For the second time in five years, House Republicans failed to pass a farm bill, this time because of conservative demands for action on immigration and fierce Democratic opposition to the legislation's food stamp reforms.
By a surprisingly large bipartisan margin, the House easily defeated the latest attempt by food and candy manufacturers to reduce sugar prices, rejecting an amendment that would have ended domestic marketing controls for the commodity.
House Agriculture Chairman Mike Conaway is struggling to cobble together the votes he needs from GOP colleagues to pass his farm bill while fending off amendments that would roll back the sugar program or cut crop insurance.
House GOP leaders hope to pass a farm bill this week over likely unified Democratic opposition, but Republicans head into the debate divided over critical amendments on sugar policy, crop insurance and other issues.
With a farm bill floor debate looming next week, House members have filed more than half a dozen amendments attacking various aspects of the crop insurance program and others seeking to tighten rules for commodity subsidies and to roll back the sugar program.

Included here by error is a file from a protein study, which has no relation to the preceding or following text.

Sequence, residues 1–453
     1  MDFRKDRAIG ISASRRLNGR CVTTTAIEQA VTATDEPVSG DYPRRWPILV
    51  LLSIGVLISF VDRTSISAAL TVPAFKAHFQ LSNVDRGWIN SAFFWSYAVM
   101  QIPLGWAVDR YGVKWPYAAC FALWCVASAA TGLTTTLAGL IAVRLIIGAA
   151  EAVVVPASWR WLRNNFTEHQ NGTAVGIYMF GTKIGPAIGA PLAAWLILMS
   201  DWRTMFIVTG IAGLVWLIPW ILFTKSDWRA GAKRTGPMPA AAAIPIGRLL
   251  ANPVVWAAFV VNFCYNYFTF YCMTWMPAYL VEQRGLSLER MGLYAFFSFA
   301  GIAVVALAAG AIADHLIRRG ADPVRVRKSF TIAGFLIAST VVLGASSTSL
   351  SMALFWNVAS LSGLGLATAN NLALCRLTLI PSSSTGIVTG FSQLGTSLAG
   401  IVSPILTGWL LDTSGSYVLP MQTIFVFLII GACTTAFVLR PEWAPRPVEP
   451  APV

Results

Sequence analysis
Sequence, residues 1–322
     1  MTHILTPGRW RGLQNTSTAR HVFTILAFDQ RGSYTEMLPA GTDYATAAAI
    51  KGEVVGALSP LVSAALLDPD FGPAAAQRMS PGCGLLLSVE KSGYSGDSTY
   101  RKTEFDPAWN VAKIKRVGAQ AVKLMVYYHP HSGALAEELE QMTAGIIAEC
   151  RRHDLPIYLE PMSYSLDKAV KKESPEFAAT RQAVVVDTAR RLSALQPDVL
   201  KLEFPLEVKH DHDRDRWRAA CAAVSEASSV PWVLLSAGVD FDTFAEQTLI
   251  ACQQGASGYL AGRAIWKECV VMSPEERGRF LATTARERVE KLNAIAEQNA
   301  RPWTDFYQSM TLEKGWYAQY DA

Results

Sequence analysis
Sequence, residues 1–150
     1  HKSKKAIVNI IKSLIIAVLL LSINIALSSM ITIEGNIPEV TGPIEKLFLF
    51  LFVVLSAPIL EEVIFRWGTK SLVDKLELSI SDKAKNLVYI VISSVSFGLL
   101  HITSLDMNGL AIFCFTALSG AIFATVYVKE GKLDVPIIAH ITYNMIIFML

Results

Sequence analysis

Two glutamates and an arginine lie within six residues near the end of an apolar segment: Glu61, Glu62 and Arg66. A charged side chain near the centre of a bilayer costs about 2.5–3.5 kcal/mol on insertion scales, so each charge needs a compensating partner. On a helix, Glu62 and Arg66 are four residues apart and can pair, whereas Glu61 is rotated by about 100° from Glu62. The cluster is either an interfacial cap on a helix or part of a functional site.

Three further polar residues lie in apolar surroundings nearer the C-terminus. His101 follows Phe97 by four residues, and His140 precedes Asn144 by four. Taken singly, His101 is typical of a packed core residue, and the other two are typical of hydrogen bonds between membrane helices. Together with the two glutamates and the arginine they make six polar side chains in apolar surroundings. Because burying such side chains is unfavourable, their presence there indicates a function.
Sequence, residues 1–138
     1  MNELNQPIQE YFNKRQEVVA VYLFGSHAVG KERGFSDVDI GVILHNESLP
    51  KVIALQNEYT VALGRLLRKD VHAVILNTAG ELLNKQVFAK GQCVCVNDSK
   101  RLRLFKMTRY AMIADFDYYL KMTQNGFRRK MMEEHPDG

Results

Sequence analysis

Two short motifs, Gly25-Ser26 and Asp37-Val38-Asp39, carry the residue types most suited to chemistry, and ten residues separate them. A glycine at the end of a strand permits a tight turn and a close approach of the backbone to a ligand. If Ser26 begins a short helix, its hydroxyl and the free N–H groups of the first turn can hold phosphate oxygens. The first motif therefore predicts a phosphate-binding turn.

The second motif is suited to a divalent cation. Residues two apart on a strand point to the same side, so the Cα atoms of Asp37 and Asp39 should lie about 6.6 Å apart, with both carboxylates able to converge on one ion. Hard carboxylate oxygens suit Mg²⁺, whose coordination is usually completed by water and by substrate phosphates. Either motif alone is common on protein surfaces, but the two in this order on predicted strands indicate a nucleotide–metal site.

President Donald Trump told key lawmakers Thursday that the tighter work rules for food stamp recipients in the House GOP farm bill move "in the right direction," but he stopped short of threatening to veto legislation that doesn't include them.
The stage is set for a bitter debate over a new farm bill as soon as next week in the House, but the deep partisan divisions could work in favor of farm groups as they try to stave off cuts to commodity programs or crop insurance.
As House Agriculture Chairman Mike Conaway prepares to bring his farm bill to the House floor, he has more to worry about than just whether he’s got enough GOP votes to pass it over united Democratic opposition.
During last year’s Agri-Pulse policy summit, I was on a panel discussing young farmers and what’s needed to encourage more young people to farm. It’s not a mystery, I explained. We need to cross our T’s.